Background: Neratinib, an irreversible tyrosine-kinase inhibitor of HER1, HER2, and HER4, has clinical activity in patients with HER2-positive metastatic breast cancer. We aimed to investigate the efficacy and safety of 12 months of neratinib after trastuzumab-based adjuvant therapy in patients with early-stage HER2-positive breast cancer. Methods: We did this multicentre, randomised, double-blind, placebo-controlled, phase 3 trial at 495 centres in Europe, Asia, Australia, New Zealand, and North and South America. Eligible women (aged ≥18 years, or ≥20 years in Japan) had stage 1-3 HER2-positive breast cancer and had completed neoadjuvant and adjuvant trastuzumab therapy up to 2 years before randomisation. Inclusion criteria were amended on Feb 25, 2010, to include patients with stage 2-3 HER2-positive breast cancer who had completed trastuzumab therapy up to 1 year previously. Patients were randomly assigned (1:1) to receive oral neratinib 240 mg per day or matching placebo. The randomisation sequence was generated with permuted blocks stratified by hormone receptor status (hormone receptor-positive [oestrogen or progesterone receptor-positive or both] vs hormone receptor-negative [oestrogen and progesterone receptor-negative]), nodal status (0, 1-3, or ≥4), and trastuzumab adjuvant regimen (sequentially vs concurrently with chemotherapy), then implemented centrally via an interactive voice and web-response system. Patients, investigators, and trial sponsors were masked to treatment allocation. The primary outcome was invasive disease-free survival, as defined in the original protocol, at 2 years after randomisation. Analysis was by intention to treat. This trial is registered with ClinicalTrials.gov, number NCT00878709. Findings: Between July 9, 2009, and Oct 24, 2011, we randomly assigned 2840 women to receive neratinib (n=1420) or placebo (n=1420). Median follow-up time was 24 months (IQR 20-25) in the neratinib group and 24 months (22-25) in the placebo group. At 2 year follow-up, 70 invasive disease-free survival events had occurred in patients in the neratinib group versus 109 events in those in the placebo group (stratified hazard ratio 0·67, 95% CI 0·50-0·91; p=0·0091). The 2-year invasive disease-free survival rate was 93·9% (95% CI 92·4-95·2) in the neratinib group and 91·6% (90·0-93·0) in the placebo group. The most common grade 3-4 adverse events in patients in the neratinib group were diarrhoea (grade 3, n=561 [40%] and grade 4, n=1 [<1%] vs grade 3, n=23 [2%] in the placebo group), vomiting (grade 3, n=47 [3%] vs n=5 [<1%]), and nausea (grade 3, n=26 [2%] vs n=2 [<1%]). QT prolongation occurred in 49 (3%) patients given neratinib and 93 (7%) patients given placebo, and decreases in left ventricular ejection fraction (≥grade 2) in 19 (1%) and 15 (1%) patients, respectively. We recorded serious adverse events in 103 (7%) patients in the neratinib group and 85 (6%) patients in the placebo group. Seven (<1%) deaths (four patients in the neratinib group and three patients in the placebo group) unrelated to disease progression occurred after study drug discontinuation. The causes of death in the neratinib group were unknown (n=2), a second primary brain tumour (n=1), and acute myeloid leukaemia (n=1), and in the placebo group were a brain haemorrhage (n=1), myocardial infarction (n=1), and gastric cancer (n=1). None of the deaths were attributed to study treatment in either group. Interpretation: Neratinib for 12 months significantly improved 2-year invasive disease-free survival when given after chemotherapy and trastuzumab-based adjuvant therapy to women with HER2-positive breast cancer. Longer follow-up is needed to ensure that the improvement in breast cancer outcome is maintained. Funding: Wyeth, Pfizer, Puma Biotechnology. © 2016 Elsevier Ltd. Source


Garcia Barrado L.,Hasselt University | Coart E.,International Drug Development Institute IDDI | Vanderstichele H.M.J.,ADx Neurosciences | Burzykowski T.,Hasselt University | Burzykowski T.,International Drug Development Institute IDDI
Journal of Alzheimer's Disease | Year: 2015

Current technologies quantifying cerebrospinal fluid biomarkers to identify subjects with Alzheimer's disease pathology report different concentrations in function of technology and suffer from between-laboratory variability. Hence, lab-and technology-specific cut-off values are required. It is common practice to establish cut-off values on small datasets and, in the absence of well-characterized samples, to transfer the cut-offs to another assay format using 'side-by-side' testing of samples with both assays. We evaluated the uncertainty in cut-off estimation and the performance of two methods of cut-off transfer by using two clinical datasets and simulated data. The cut-off for the new assay was transferred by applying the commonly-used linear regression approach and a new Bayesian method, which consists of using prior information about the current assay for estimation of the biomarker's distributions for the new assay. Simulations show that cut-offs established with current sample sizes are insufficiently precise and also show the effect of increasing sample sizes on the cut-offs' precision. The Bayesian method results in unbiased and less variable cut-offs with substantially narrower 95 confidence intervals compared to the linear-regression transfer. For the BIODEM datasets, the transferred cut-offs for INNO-BIA Aβ1-42 are 167.5 pg/mL (95 credible interval [156.1, 178.0] and 172.8 pg/mL (95 CI [147.6, 179.6]) with Bayesian and linear regression methods, respectively. For the EUROIMMUN assay, the estimated cut-offs are 402.8 pg/mL (95 credible interval [348.0, 473.9]) and 364.4 pg/mL (95 CI [269.7, 426.8]). Sample sizes and statistical methods used to establish and transfer cut-off values have to be carefully considered to guarantee optimal diagnostic performance of biomarkers. © 2016-IOS Press and the authors. Source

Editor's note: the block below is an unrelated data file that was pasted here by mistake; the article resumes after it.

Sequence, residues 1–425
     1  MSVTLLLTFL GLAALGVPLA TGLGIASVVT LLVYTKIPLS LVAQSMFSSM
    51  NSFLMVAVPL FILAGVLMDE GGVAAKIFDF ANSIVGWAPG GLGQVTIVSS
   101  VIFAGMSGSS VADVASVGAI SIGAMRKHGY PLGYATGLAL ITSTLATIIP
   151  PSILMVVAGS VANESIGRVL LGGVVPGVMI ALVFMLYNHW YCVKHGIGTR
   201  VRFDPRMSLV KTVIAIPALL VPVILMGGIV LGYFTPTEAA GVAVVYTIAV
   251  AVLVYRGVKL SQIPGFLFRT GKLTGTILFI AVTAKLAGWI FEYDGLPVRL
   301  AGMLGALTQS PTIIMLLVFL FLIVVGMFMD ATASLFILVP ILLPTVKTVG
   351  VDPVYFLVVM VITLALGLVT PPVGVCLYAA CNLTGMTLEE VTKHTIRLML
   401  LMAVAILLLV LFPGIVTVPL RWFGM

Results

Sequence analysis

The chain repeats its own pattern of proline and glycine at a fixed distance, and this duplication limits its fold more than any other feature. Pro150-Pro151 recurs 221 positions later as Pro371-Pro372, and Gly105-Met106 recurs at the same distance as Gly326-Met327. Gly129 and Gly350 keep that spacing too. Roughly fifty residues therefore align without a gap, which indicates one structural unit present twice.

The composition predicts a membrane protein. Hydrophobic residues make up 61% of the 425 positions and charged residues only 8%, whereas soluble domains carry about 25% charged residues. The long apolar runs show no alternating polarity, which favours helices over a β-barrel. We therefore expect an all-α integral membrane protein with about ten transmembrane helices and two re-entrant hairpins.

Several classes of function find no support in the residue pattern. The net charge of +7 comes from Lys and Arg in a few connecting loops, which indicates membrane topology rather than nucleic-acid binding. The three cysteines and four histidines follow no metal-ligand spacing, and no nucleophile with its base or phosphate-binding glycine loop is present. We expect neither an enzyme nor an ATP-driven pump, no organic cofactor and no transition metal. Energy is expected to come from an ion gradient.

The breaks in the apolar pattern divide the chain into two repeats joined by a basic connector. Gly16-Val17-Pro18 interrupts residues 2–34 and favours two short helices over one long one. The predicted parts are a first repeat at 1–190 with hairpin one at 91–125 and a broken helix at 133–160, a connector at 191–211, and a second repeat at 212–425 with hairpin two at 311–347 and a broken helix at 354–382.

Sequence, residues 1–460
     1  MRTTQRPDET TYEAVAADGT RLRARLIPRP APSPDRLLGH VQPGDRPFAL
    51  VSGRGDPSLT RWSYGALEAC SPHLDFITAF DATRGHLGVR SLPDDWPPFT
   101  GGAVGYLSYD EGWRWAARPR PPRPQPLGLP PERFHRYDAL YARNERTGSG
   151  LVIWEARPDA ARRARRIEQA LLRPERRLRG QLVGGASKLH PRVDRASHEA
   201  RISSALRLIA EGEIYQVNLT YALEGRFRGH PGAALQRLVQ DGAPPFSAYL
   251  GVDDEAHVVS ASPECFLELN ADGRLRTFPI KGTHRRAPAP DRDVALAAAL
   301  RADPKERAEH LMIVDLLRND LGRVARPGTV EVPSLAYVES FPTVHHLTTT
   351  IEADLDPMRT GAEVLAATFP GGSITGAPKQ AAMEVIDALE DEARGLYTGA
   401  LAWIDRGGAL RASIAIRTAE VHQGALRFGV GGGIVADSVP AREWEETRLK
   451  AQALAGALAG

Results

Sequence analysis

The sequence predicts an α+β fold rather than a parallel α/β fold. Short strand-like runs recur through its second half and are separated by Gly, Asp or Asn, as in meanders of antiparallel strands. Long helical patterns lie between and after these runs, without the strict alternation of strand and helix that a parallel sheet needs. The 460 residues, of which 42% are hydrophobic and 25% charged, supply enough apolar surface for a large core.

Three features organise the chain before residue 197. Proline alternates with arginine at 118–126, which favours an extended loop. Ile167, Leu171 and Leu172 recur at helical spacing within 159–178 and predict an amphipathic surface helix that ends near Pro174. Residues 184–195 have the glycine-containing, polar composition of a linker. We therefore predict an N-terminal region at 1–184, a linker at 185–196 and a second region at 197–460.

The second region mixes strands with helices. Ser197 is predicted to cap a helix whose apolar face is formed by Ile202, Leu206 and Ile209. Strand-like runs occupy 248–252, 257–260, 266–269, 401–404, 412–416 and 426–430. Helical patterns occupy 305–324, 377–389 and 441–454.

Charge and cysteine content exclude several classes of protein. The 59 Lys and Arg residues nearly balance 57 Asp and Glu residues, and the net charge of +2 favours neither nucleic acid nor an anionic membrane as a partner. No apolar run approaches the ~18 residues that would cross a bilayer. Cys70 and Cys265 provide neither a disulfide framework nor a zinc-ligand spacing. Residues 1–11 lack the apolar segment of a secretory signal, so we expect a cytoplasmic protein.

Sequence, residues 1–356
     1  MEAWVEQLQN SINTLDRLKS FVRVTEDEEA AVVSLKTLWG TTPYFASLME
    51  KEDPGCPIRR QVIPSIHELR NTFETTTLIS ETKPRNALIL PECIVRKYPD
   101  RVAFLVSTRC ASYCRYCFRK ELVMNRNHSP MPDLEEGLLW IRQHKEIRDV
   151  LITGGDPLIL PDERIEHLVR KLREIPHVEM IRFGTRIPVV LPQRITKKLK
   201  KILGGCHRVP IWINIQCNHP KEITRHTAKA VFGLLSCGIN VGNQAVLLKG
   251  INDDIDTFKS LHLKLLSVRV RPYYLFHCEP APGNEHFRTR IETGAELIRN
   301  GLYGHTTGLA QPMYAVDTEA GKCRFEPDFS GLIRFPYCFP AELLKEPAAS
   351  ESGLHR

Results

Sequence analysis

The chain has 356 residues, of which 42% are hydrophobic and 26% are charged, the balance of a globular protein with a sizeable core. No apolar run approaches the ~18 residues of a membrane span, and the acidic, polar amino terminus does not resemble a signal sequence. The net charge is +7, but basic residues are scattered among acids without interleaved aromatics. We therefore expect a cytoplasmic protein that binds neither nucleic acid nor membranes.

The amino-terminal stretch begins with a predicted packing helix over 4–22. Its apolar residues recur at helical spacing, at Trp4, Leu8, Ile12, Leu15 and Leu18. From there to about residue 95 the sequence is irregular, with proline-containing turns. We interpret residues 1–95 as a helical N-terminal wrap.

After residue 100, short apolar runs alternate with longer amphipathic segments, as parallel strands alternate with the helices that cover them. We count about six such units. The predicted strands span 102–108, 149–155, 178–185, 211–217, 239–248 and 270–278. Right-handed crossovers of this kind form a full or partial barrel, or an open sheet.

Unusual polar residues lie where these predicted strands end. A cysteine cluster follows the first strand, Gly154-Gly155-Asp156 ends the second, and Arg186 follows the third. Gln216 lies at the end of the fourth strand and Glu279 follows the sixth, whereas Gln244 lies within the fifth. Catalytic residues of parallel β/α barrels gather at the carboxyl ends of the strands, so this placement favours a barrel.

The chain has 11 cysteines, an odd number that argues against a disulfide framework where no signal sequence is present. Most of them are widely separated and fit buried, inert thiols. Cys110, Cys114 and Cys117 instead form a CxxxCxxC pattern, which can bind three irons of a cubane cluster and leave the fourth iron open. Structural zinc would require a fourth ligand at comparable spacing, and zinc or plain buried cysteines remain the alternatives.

Venet D.,International Drug Development Institute IDDI | Venet D.,Free University of Brussels | Doffagne E.,International Drug Development Institute IDDI | Burzykowski T.,International Drug Development Institute IDDI | And 10 more authors.
Clinical Trials | Year: 2012

Background Classical monitoring approaches rely on extensive on-site visits and source data verification. These activities are associated with high cost and a limited contribution to data quality. Central statistical monitoring is of particular interest to address these shortcomings. Purpose This article outlines the principles of central statistical monitoring and the challenges of implementing it in actual trials. Methods A statistical approach to central monitoring is based on a large number of statistical tests performed on all variables collected in the database, in order to identify centers that differ from the others. The tests generate a high-dimensional matrix of p -values, which can be analyzed by statistical methods and bioinformatics tools to identify extreme centers. Results Results from actual trials are provided to illustrate typical findings that can be expected from a central statistical monitoring approach, which detects abnormal patterns that were not (or could not have been) detected by on-site monitoring. Limitations Central statistical monitoring can only address problems present in the data. Important aspects of trial conduct such as a lack of informed consent documentation, for instance, require other approaches. The results provided here are empirical examples from a limited number of studies. Conclusion Central statistical monitoring can both optimize on-site monitoring and improve data quality and as such provides a cost-effective way of meeting regulatory requirements for clinical trials. © The Author(s), 2012. Source

Discover hidden collaborations